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Firefighters announce 24-hour walk out over pensions dispute

STRIKE: Next week's strike will be the longest in their three-year campaign

FIREFIGHTERS ACROSS England and Wales will step-up their campaign against the “attack" on their pensions with a 24-hour walk out next Thursday (June 12).

The strike, the longest in their three-year campaign, will start at 9am, with another planned for Saturday June 21 from 10am – 5pm.

The Fire Brigade Union (FBU) also revealed its members will refuse voluntary overtime, which is routinely required by many fire and rescue services to maintain fire cover, between the beginning of the first strike and 9am on Sunday June 22.

The government accused the FBU of “disrupting constructive discussions” and of not being “serious about finding a resolution”. But the FBU said they were forced to act after their “appeals fell on deaf ears”.

According to the union, prior to 2010, firefighters contributed one of the highest proportions of their salary towards their pensions (11 per cent), and that has increased this April for a third consecutive year.

Currently, they typically pay over £4,000 a year from a £29,000 salary and the government has announced a further increase in 2015.

The FBU said its members are being priced out of their pension scheme.

Additionally, under the government’s proposals, firefighters who are forced to retire before the age of 60 as a result of ageing will have half of their pension taken away.

This is especially concerning, they say, when a report last year found large numbers of firefighters would be unable to maintain operational fitness until 60.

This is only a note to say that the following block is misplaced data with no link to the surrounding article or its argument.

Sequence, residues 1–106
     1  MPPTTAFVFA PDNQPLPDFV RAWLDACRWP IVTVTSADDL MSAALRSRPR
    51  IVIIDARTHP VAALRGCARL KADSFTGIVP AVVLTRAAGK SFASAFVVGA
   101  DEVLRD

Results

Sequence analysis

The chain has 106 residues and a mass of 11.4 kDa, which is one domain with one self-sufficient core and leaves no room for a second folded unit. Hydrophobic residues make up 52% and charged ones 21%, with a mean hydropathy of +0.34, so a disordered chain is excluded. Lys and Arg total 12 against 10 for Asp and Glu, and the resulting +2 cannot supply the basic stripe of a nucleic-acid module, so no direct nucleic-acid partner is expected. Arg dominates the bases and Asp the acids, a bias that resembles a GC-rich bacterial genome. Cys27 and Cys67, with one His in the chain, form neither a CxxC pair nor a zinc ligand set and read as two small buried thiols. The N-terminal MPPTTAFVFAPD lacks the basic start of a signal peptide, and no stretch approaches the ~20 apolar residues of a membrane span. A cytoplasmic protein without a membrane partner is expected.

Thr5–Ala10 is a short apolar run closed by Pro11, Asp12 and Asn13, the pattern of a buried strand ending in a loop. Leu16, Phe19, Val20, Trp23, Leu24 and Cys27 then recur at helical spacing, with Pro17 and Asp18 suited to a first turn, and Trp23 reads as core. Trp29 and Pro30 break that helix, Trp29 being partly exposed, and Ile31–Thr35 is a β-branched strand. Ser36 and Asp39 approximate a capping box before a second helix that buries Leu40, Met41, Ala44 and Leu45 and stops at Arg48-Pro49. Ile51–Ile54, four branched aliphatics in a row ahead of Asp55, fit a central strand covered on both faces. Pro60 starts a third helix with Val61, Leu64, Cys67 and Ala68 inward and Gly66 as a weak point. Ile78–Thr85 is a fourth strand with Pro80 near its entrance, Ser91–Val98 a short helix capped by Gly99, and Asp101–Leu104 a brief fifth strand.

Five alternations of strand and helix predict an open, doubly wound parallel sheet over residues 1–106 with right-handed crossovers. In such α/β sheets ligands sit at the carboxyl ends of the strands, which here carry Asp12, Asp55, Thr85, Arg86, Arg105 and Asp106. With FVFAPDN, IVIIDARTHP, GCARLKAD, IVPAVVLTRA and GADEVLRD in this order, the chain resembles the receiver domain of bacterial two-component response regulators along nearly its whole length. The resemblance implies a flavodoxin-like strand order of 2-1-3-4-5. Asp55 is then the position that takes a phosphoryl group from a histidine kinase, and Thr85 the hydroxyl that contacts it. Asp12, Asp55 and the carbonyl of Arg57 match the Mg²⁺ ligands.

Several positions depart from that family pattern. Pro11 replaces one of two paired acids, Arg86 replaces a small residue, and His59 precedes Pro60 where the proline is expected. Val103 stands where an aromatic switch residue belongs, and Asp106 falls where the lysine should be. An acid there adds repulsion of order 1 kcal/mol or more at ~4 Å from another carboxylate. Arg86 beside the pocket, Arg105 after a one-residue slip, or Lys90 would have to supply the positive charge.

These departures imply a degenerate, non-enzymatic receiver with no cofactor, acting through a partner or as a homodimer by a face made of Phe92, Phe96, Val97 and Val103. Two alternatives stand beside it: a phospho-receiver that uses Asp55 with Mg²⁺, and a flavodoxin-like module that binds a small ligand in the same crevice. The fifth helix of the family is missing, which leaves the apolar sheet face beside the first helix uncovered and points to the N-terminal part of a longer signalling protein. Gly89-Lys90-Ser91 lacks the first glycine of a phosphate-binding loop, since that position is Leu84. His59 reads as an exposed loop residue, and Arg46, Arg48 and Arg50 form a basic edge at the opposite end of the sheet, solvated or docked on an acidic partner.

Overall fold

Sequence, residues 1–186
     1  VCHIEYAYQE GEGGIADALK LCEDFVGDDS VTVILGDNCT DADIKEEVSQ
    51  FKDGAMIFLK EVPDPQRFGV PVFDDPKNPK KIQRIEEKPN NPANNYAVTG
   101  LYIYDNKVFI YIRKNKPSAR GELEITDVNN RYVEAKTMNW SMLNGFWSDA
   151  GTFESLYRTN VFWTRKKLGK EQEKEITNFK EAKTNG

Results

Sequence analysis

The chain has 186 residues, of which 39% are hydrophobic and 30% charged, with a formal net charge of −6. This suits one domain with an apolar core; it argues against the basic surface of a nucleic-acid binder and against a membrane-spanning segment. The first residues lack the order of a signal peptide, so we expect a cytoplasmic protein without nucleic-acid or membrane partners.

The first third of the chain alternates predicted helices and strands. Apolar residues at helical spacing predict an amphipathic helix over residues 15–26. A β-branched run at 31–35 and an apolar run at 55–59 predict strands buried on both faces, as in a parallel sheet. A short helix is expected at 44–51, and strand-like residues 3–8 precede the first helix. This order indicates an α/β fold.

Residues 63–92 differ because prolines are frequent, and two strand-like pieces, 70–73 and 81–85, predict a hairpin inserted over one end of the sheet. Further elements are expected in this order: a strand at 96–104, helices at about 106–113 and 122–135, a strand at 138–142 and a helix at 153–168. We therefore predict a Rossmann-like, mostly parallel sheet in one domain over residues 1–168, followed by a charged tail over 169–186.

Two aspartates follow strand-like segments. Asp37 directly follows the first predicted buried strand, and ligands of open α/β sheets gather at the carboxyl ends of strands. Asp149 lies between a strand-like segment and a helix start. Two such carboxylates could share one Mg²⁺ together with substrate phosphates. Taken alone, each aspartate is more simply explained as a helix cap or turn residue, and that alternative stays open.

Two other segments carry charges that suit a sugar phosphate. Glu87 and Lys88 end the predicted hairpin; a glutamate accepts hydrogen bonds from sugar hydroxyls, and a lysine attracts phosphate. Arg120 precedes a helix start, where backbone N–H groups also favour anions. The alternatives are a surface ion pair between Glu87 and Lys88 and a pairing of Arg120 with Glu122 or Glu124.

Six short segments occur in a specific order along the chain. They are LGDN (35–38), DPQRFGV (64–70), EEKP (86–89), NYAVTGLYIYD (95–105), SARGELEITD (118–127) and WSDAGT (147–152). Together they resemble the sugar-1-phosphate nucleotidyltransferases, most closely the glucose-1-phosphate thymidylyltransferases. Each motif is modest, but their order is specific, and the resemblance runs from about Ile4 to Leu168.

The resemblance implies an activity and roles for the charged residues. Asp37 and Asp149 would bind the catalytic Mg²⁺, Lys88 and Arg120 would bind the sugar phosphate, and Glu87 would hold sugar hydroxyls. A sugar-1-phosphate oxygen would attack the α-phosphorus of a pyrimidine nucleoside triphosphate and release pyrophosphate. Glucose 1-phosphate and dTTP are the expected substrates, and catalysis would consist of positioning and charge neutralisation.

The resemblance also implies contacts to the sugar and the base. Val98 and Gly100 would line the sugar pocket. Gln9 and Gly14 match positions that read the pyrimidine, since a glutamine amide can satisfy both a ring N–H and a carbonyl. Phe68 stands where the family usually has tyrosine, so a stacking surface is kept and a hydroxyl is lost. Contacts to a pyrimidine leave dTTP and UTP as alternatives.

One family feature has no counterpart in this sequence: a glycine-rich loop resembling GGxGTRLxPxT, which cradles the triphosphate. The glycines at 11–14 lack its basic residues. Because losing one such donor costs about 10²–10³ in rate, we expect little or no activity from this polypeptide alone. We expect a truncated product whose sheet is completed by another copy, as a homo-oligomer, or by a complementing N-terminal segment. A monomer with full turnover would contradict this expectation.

A statement from the FBU said: “On Monday 23 May, the minister opened a ‘consultation’ on their proposals, signalling an end to discussions with firefighters over the scheme.

“However, the Department for Communities and Local Government is still refusing to publish alternative, fully-costed proposals that they have admitted to being in possession of since Wednesday 19 March.

“As a result, the FBU argues that the firefighters, the public and other parties - including ministers in the Welsh and Scottish governments - are being kept in the dark, and the consultation being rendered meaningless.”

Matt Wrack, FBU general secretary, added: “The minister has decided to bury his head in the sand, but he must accept that firefighters simply will not give up fighting for their futures - and our fire and rescue service.

“Concerns over these unworkable proposals remain as valid and grave as ever and the government has ignored all the evidence including it’s own reports.

“It is as ever a difficult decision for us to take, but the only way for us to resolve this unnecessary and costly dispute is for the government to start listening to reason.”

The decision to strike was made at a meeting of the FBU’s executive council on Wednesday (June 4).

A spokesman for the Department for Communities and Local Government said: “The Government has made clear that a way forward can be reached, but not under the shadow of industrial action, which only serves to damage firefighters’ standing with the public.

They explained: “The deal on the table gives firefighters one of the most generous pension schemes in all the public sector, and the proposals protect the earned rights of a higher proportion of members than any other public sector scheme.

“Nearly three quarters will see no change in their pension age in 2015. Under the new scheme, a firefighter who earns £29,000 will still be able to retire after a full career aged sixty, get a £19,000 a year pension, rising to £26,000 with the state pension. An equivalent private pension pot would be worth over half a million pounds and require firefighters to contribute twice as much.

“Public safety remains our prime concern and robust contingency plans are in place to keep people protected.”

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